A campaigner opposed to plans that would see a currently free-to-use BMX track near Dorking turned into a privately-owned bike park has contacted road.cc to explain "what is really happening", after a local councillor who was quoted as saying the new bike park could attract child molesters says her comments were misinterpreted.
During a recent Mole Valley District Council committee meeting, plans to outsource the management of the BMX track at Ranmore Common were discussed and voted on, with the proposal rejected by six votes to five. Professor Patricia Wiltshire raised concerns over the welfare of children using the track, and has since told Get Surrey that her words were "interpreted negatively". She says she was trying "to express the fear of a resident who contacted me", adding: "...I was genuinely trying to save the bike park for existing users to use freely.”
Lisa Scott, representing a group calling itself 'Friends of Ranmore Nightingale BMX track', describes the Surrey Bike Park proposal as "dreadful", saying that she regularly visits the current facility with her husband and daughter and wants to keep it free to use as a community-run facility. She told road.cc:
"The proposal is described as an urban bike park, which is completely different to a small community BMX track that is used by parents with young children to learn how to ride a bike.
"The perspective is that we’re going to get a lot of mature people who are going to want to ride fast and do big jumps. Is that an appropriate mix with those that use the site at the moment?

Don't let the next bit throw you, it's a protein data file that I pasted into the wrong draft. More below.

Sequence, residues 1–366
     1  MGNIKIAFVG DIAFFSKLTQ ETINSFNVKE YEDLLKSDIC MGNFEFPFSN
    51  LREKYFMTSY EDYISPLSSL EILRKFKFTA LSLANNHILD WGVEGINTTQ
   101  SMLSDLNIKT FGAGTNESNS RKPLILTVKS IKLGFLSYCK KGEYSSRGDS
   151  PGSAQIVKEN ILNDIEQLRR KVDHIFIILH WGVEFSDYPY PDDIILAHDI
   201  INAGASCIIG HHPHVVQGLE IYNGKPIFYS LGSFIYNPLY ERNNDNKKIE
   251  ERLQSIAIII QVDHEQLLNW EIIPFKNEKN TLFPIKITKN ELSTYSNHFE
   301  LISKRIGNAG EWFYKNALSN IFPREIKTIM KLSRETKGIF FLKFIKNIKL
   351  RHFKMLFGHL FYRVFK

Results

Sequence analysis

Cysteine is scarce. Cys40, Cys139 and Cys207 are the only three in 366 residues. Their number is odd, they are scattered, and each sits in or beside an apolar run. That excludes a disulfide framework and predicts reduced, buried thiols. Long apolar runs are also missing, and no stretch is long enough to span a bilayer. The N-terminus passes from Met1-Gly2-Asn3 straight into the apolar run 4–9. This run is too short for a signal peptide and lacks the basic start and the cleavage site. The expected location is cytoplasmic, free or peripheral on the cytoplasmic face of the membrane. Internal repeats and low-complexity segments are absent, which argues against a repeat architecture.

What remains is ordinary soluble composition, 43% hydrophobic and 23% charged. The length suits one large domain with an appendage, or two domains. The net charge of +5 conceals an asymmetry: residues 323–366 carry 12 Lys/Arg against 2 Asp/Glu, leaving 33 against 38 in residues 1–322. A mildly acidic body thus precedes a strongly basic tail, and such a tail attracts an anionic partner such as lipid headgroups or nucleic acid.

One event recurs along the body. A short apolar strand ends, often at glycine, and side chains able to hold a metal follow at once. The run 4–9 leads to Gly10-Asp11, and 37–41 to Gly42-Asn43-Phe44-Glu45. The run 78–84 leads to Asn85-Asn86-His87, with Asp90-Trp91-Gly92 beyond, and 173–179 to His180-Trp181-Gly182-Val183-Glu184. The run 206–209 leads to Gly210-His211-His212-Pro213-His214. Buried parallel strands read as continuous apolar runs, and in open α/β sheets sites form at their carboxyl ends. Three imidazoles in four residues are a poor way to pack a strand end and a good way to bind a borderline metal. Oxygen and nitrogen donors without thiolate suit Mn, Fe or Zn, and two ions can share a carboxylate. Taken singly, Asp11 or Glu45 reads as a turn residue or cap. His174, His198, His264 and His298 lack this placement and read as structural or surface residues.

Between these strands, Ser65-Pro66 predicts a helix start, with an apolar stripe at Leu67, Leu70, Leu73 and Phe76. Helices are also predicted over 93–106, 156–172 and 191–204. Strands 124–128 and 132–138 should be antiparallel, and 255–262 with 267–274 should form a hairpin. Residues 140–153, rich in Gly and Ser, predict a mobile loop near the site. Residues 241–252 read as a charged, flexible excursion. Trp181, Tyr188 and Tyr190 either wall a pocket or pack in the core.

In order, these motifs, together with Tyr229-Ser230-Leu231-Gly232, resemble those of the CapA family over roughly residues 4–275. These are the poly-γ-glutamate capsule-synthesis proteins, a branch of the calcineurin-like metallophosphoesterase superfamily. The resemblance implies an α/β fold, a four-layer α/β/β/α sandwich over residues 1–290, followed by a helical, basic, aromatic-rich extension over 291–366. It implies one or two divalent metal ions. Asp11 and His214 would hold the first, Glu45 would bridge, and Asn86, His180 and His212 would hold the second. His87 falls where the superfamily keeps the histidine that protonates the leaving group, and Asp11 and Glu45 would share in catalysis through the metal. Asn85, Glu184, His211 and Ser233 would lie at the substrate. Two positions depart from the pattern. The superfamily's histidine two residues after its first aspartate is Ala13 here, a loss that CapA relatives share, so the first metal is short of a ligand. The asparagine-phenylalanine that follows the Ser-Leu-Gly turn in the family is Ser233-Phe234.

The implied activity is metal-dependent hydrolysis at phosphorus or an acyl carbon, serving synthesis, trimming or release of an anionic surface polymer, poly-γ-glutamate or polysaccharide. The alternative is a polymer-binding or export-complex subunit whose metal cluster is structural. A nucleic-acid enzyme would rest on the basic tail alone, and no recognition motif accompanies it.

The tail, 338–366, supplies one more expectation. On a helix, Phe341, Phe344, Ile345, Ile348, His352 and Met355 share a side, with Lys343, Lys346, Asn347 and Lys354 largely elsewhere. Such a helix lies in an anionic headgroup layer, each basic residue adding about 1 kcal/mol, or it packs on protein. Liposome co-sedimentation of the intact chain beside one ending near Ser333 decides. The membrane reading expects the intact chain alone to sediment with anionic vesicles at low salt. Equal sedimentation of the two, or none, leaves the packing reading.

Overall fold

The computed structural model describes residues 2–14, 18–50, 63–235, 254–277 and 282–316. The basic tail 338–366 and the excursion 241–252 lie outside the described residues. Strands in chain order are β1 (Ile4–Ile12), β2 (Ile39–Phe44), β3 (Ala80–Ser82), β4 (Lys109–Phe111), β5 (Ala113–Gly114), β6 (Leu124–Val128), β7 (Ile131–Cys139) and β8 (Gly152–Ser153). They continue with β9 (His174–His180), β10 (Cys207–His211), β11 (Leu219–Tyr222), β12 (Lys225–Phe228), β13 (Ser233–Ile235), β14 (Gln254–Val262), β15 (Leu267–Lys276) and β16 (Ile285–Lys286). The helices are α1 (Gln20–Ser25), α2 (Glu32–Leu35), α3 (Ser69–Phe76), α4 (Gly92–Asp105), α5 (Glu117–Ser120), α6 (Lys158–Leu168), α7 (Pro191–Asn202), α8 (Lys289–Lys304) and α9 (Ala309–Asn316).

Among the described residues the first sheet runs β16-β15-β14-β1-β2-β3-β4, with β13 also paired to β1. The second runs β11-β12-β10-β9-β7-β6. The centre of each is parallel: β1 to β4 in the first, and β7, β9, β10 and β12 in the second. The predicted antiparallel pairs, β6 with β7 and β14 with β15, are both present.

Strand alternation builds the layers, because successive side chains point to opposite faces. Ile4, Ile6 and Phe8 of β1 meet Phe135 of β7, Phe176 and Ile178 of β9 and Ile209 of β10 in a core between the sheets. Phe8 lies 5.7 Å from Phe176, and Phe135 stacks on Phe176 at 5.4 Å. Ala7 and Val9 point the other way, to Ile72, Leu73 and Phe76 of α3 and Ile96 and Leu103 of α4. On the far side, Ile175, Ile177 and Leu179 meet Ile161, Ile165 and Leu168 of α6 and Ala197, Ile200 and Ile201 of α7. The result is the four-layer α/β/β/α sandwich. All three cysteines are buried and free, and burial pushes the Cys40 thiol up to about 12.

"It wasn’t an accusation saying all mountain bike riders are big hairy monsters. It was asking if this big change in mix and demographic is appropriate for what is currently a community bike track, and really important for the children round here.
"If we as a voluntary group can make it work, keep it free to access and welcome all riders, surely that’s of greater benefit to all the cycling community.”
Ms Scott also said the proposed £50,000 investment to transform the bike track wasn't enough, and that the proposer hadn't considered the protected wildlife that can currently be found at the site. She said:
“It’s difficult to find any realistic financial planning around the proposals.
"The £50,000 investment couldn’t possibly be used to repair and maintain the track when more than that amount of money is going to be needed for the staffing costs and the inputting of facilities. There’s no water or electricity to the site, so all those things need to be paid for by somebody.
"The proposal doesn’t say what surface they’re planning to put in. If they start digging around in the soil they’re going to start digging up the sharp glass. If you start digging then it’s going to cost hundreds of thousands, not just that small amount of money.
“That would give the council the opportunity to say we tried it as a volunteer-run track and it didn’t work, and we tried it as a commercial lease and it didn’t work, so let’s think of something else to do.
"The scrutiny committee did their job properly, they looked at the habitat that has evolved at the current site. There’s nightingales, animals and plants there that are endangered on the European scale, you’re not even allowed to touch them. The proposer of the project has refused to listen to things like the habitat and environmental value of the land, and doesn’t appreciate how it can be a combined habitat and riding area.